Site Selection Criteria

  1. Program Overview
  2. Why A USCRN is Needed
  3. Who Can Benefit
  4. Site Selection Criteria
  5. What is Measured
  6. Station Instruments
  7. Site Photos

In order to make accurate measurements of climate across multiple decades, many criteria are considered before selecting a site and establishing a USCRN station. The primary criteria include:

  • Sensitivity to the measurement of climate variability and trends: Locations should be representative of the climate of the region, and not heavily influenced by unique local factors. This primary criterion is called spatial representativeness.
  • Long term site stability: Consideration is given to whether the area surrounding the site is likely to experience major change within 50 to 100 years. The risk of human encroachment over time and the chance the site will close due to the sale of the land or other factors are evaluated. Federal, state, and local government land often provide a high stability factor. Population growth patterns are also considered. This primary criteria is called temporal stability.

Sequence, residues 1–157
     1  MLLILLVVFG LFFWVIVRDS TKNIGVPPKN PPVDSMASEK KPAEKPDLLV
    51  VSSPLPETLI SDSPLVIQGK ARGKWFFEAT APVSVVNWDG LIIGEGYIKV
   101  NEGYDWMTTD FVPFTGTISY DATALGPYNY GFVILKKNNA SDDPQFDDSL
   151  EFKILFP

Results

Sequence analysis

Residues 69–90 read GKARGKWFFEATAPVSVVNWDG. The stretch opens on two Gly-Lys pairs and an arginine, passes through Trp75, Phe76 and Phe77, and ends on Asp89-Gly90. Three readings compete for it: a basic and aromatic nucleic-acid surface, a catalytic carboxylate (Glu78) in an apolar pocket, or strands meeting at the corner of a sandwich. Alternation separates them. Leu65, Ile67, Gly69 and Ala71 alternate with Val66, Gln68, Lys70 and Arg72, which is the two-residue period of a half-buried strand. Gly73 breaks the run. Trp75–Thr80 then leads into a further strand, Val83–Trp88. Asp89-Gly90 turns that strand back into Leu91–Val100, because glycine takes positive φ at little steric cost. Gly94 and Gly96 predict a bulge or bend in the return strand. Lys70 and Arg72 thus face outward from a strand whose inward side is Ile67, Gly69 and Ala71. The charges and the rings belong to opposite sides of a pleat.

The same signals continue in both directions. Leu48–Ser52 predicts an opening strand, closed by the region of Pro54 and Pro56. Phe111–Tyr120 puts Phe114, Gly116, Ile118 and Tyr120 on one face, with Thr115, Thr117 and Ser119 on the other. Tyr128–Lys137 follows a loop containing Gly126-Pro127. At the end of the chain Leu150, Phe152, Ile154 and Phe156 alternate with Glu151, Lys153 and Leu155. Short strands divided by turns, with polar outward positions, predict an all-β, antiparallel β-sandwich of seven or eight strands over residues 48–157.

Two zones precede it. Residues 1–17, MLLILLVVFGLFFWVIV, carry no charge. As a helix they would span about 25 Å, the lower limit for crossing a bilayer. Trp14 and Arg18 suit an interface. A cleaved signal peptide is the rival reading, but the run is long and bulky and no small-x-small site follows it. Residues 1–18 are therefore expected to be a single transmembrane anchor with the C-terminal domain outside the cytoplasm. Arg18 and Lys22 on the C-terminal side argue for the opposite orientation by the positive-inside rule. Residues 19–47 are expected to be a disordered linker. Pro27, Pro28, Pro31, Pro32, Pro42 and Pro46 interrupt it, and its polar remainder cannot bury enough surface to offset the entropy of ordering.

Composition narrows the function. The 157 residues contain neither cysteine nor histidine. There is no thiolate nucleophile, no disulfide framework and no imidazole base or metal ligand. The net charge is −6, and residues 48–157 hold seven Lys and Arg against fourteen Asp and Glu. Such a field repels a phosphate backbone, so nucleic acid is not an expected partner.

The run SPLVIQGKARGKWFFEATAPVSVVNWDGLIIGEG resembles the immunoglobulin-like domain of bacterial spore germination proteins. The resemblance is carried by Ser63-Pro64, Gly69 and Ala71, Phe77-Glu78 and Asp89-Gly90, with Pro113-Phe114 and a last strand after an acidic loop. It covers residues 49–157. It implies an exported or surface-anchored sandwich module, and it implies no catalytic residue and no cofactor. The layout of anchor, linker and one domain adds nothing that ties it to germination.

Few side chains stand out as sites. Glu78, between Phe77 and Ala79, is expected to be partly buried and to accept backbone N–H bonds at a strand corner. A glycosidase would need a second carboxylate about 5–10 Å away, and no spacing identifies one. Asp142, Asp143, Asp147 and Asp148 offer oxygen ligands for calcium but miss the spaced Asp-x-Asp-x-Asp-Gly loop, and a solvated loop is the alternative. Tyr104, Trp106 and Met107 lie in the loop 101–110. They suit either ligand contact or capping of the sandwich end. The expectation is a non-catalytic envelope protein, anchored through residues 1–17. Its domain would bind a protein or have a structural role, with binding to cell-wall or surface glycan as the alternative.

• Other secondary criteria involve naturally occurring risks and variability, and logistical concerns:
    • Flood plains and locations in the vicinity of orographically induced severe winds like the Santa Ana and the Chinook are avoided.
    • Locations with persistent periods of extreme snow depths are avoided where possible, although in Alaska this may be unavoidable in maritime regions.
    • Locations near existing or former observing sites with long records of daily precipitation and maximum and minimum temperature are desirable.
    • Nearby availability of personnel with an understanding of climate observing systems is desirable.
    • Relatively easy year round access by vehicle for installation and periodic maintenance is favored.

A density study was conducted to determine the number of general geographic locations that would provide the best possible coverage in the different U.S. climate regions, given budget constraints. Digital topographic maps and a climatological profile of the locations proposed for stations are examined, and aerial photographs are studied. The need for unchanging physical surroundings, particularly avoiding encroachment by man-made structures, means there is some flexibility in adjusting the optimal geographic location to take advantage of a more stable location near a targeted site.